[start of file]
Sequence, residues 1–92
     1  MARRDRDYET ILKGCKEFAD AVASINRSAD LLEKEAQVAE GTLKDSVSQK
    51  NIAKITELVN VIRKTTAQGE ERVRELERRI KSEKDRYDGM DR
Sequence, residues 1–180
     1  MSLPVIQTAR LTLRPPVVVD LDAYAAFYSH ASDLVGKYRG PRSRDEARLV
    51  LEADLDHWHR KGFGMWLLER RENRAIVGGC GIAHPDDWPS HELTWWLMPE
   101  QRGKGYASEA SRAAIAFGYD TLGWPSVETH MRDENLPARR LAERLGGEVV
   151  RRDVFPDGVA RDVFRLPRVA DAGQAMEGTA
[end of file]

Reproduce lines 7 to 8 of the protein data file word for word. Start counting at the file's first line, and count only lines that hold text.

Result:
   101  QRGKGYASEA SRAAIAFGYD TLGWPSVETH MRDENLPARR LAERLGGEVV
   151  RRDVFPDGVA RDVFRLPRVA DAGQAMEGTA